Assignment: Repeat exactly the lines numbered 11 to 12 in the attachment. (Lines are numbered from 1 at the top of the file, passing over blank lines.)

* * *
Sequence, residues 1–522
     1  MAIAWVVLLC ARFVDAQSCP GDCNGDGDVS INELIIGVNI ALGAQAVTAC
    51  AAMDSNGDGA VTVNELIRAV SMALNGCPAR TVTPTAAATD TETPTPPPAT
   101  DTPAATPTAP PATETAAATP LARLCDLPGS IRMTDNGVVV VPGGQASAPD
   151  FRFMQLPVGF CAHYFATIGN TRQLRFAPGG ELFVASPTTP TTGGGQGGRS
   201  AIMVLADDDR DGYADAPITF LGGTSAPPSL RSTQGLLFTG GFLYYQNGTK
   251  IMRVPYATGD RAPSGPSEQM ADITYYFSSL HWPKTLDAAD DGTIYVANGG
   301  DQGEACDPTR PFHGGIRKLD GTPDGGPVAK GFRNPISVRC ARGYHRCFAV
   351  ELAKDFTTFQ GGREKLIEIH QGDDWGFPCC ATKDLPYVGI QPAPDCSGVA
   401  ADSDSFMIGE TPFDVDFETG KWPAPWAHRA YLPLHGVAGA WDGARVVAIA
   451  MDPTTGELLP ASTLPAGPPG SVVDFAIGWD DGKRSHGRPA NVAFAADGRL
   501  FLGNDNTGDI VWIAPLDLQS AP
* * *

   451  MDPTTGELLP ASTLPAGPPG SVVDFAIGWD DGKRSHGRPA NVAFAADGRL
   501  FLGNDNTGDI VWIAPLDLQS AP